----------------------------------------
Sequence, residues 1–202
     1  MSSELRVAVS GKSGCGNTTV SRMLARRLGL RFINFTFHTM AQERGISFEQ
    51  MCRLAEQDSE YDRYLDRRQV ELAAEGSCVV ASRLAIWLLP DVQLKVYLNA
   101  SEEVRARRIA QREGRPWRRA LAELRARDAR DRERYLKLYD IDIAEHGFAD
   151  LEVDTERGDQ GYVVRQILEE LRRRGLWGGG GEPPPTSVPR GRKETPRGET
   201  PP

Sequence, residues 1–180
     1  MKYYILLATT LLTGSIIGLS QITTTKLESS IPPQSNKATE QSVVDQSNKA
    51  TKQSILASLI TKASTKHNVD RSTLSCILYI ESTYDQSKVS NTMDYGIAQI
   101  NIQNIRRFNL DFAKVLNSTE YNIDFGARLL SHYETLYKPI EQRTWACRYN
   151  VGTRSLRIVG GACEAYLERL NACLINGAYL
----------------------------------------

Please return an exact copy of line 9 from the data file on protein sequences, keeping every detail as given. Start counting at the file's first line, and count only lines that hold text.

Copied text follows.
    51  TKQSILASLI TKASTKHNVD RSTLSCILYI ESTYDQSKVS NTMDYGIAQI